York Accessibility Action tell us who they are and what they’ve been up to:
“In the summer of 2020, City of York Council closed various streets that Blue Badge holders were previously permitted to access, including Goodramgate and the streets after it to through traffic (apart from a range of ‘permitted’ vehicles) along with removing what was once Blue Badge parking on the double-yellow lines on the grounds of ‘social distancing’. Other streets we could no longer access included Blake Street and Lendal. In reaction Alison Hume, on behalf of her disabled son Edward, started a petition to get the decision reversed, that currently stands at 2334 signatures.
Following the petition, a group was formed named York Accessibility Action (YAA). This was co-founded by Alison Hume, Edward Mitten, Jane Burton and Mick Phythian and was made up of disabled people, their family and carers, all of whom were directly affected by the footstreets closures, although not all have Blue Badges.
The group appeared alongside York Disability Rights Forum at each council meeting regarding the closure, helping to building a united front against the decision to exclude Blue Badge holders from the centre of York. In the background YAA explored legal challenges whilst contacting groups and individuals in other cities like Bath where similar decisions were being made.
In November 2021, following the Council Executive meeting decision making the exclusion permanent the next steps were taken by YAA in the form of a crowdfunding campaign to help meet legal costs. The initial target of £5000 was met within a few days and a stretch target of £10,000 was created to try to ensure that barrister’s charges and other legal costs could be met. The well-known disability rights lawyer Chris Fry had agreed to act on our behalf and the money was going to the legal firm he is a consultant with.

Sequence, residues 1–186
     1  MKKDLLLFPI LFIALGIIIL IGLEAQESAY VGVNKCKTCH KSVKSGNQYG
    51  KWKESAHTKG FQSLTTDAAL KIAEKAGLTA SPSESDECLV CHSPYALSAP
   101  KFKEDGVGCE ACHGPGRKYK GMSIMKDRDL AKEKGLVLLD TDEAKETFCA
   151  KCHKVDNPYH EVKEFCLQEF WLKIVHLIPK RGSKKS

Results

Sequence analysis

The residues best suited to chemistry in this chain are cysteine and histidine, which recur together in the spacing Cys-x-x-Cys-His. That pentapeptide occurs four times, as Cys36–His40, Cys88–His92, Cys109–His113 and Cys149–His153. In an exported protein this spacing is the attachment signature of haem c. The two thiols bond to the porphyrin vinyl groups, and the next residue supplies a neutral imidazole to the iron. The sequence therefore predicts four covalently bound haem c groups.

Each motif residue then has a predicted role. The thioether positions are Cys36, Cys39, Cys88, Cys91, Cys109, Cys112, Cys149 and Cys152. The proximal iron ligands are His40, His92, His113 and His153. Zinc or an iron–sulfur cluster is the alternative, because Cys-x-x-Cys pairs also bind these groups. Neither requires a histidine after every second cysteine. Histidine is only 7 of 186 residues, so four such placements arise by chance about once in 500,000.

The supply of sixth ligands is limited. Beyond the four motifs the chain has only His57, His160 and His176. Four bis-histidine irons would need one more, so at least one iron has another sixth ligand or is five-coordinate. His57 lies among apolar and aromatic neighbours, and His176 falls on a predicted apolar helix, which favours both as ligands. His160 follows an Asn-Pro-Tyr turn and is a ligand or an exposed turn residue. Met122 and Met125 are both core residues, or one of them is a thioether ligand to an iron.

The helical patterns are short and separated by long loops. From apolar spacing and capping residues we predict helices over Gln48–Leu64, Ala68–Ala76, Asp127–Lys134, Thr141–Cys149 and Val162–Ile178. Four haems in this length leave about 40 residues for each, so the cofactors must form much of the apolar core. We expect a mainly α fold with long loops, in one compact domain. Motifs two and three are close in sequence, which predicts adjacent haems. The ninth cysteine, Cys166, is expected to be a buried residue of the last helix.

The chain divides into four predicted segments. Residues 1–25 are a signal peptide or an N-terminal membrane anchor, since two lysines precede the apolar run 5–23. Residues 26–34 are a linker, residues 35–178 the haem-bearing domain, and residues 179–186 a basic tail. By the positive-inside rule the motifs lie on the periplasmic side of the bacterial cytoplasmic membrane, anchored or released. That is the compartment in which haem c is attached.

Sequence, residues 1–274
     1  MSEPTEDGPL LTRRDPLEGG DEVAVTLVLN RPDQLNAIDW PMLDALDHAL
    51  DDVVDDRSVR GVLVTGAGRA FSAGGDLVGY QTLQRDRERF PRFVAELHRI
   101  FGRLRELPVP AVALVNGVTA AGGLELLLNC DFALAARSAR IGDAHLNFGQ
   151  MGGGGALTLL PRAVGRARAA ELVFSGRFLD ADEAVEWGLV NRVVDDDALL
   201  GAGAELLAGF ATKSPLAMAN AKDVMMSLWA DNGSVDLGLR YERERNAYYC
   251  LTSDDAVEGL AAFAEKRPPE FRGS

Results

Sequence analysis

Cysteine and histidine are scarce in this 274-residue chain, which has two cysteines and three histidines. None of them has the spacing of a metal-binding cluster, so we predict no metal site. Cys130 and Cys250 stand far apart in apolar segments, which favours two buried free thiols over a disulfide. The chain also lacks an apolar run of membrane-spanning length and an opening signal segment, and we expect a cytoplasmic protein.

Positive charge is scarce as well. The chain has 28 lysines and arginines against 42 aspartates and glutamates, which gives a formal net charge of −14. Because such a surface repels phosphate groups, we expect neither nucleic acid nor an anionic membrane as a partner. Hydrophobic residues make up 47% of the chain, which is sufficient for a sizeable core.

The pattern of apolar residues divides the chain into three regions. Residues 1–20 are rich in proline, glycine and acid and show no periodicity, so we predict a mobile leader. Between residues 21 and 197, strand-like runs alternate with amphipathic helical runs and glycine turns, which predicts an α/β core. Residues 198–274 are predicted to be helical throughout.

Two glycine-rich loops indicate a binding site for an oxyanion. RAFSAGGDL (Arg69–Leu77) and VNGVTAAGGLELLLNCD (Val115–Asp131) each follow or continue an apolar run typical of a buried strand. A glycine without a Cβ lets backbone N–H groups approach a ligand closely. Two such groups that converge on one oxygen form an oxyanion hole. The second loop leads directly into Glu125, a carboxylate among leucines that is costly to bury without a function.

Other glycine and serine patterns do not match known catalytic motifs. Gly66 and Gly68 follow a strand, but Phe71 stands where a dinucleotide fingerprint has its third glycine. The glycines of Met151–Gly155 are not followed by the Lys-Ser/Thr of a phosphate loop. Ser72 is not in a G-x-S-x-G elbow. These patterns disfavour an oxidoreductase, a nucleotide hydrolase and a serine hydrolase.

On his advice we created a Google form to collect details from as many people as possible who had been excluded to act in a private law case and seek compensation and a change to the closures from the council. We encourage all those affected by the closure of the particular streets, and the council’s pitiful attempt at reasonable adjustments or mitigation to add their names to it.
Whilst people think the Equality Act 2010 improved matters for disabled people, it has proved to be otherwise when one attempts to take legal action, and the barriers one has to deal with are very high. This is the reason the legal case is likely to be prepared in multiple directions with the Equality Act one taking longest time. We are therefore building up cases involving the loss of access under private law, the nature of the Traffic Regulation Order the council has been employing, and finally, the biggest hurdle to us, whether the council failed in its duty under the Equality Act.
YAA are also a part of the coalition of groups covering a range of disabled and older people’s organisation along with concerned, influential others but YAA are taking the lead on the legal action. Anyone wishing to join YAA’s mailing list or help on the campaign or legal case can contact us on firstname.lastname@example.org.”